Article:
More than 69,000 bounce back loans for small businesses worth over £2bn have been approved during the first 24 hours of the scheme, the Chancellor has announced
The bounce back loan scheme offering small businesses easy-to-access loans of up to £50,000 officially opened on 4 May, with the cash promised within days.
The seven largest lenders (Barclays, Danske, HSBC, Lloyds, RBS, Santander and Virgin Money) received more than 130,000 Bounce Back Loan Scheme applications on the first day of the scheme.
Thousands of small firms and sole traders are eligible for 100% government-backed bounce back loans of between £2,000 and £50,000 to help them make it through the coronavirus outbreak.
Small business owners can apply to accredited lenders by filling out a simple online form, with just seven questions.
The government has also agreed with lenders that a flat rate of 2.5% interest will be charged on these loans.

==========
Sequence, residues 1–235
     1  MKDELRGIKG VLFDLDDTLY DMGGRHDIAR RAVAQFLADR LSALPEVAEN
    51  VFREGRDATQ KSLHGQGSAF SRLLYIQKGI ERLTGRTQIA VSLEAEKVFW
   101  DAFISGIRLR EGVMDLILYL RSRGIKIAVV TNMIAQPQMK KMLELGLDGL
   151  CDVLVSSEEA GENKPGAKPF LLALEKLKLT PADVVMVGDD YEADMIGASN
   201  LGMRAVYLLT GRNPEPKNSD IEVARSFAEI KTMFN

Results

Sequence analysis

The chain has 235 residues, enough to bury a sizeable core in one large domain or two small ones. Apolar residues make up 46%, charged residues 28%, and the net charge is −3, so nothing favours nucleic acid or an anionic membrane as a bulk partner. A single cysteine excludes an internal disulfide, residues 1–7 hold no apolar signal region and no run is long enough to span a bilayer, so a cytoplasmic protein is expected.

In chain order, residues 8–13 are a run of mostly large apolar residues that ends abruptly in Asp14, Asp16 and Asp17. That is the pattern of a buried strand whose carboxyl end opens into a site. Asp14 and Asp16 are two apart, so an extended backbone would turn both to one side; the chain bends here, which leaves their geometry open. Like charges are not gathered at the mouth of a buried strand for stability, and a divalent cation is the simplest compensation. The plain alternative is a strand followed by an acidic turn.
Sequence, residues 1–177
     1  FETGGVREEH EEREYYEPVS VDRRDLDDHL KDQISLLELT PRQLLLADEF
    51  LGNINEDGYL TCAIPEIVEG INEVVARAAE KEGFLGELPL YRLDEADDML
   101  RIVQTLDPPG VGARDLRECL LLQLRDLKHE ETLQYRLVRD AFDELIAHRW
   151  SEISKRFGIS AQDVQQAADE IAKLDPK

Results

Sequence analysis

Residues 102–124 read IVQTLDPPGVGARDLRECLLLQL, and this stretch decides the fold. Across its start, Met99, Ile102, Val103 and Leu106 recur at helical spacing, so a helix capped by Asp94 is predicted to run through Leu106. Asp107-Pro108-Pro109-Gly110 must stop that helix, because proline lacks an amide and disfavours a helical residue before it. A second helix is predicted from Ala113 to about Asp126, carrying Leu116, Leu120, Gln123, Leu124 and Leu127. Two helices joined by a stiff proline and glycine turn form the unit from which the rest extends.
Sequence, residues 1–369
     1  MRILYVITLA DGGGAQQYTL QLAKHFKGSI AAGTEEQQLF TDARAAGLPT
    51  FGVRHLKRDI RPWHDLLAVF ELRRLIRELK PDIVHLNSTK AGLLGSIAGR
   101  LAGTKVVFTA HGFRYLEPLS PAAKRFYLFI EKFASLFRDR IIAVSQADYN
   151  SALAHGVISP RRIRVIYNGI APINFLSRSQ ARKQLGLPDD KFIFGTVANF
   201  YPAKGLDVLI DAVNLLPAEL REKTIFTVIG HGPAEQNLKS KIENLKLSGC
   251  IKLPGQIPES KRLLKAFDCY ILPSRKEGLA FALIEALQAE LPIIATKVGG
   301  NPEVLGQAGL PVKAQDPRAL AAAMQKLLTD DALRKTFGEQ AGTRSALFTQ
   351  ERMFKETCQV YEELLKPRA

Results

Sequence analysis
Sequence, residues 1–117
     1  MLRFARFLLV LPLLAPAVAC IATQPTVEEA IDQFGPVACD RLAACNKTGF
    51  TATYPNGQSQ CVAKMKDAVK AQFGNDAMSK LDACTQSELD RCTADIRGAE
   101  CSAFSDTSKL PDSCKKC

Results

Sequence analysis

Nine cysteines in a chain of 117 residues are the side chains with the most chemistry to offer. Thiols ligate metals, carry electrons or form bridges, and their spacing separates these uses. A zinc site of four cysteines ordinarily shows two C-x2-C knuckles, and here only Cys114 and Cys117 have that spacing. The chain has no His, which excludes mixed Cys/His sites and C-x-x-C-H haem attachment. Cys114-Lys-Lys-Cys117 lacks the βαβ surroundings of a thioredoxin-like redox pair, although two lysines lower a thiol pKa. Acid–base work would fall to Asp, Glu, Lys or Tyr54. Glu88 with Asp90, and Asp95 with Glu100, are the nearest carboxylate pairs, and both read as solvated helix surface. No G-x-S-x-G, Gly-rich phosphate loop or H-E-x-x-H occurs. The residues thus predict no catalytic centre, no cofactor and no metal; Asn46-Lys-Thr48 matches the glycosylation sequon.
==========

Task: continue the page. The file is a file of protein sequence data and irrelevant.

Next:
Any business that has already taken out a coronavirus business interruption loan (CBIL) of £50,000 or less can apply to have this switched over to this new scheme.
The government will provide lenders with a 100% guarantee and cover the cost of any fees and interest for the borrower for the first 12 months. No repayments will be due during this period to enable firms to get back on their feet.
The loans are available through a network of lenders, including the five largest banks.
Eligible companies will be subject to standard customer fraud, anti-money laundering (AML) and know your customer (KYC) checks prior to any loan being made.
Some state aid restrictions may apply to application, the government said, and pointed out the borrower always remains 100% liable for the debt.
Mike Cherry, national chair of the Federation of Small Businesses, said: ‘We know many small firms have struggled to secure small loans speedily.
‘We are pleased that the Chancellor has listened, and swiftly developed this new scheme for small businesses to access finance quickly, interest-free for the first year and at an affordable fixed interest rate for the remainder.’
Rob Hattrell, vice president of eBay UK, said: ‘While the existing CBIL scheme may be appropriate for some businesses, our smallest businesses told us that they were finding it hard in practice to access this support from banks.
‘By extending the current government guarantee from 80% of each loan to 100%, we hope this will make it more likely that banks will extend finance at a critical time.’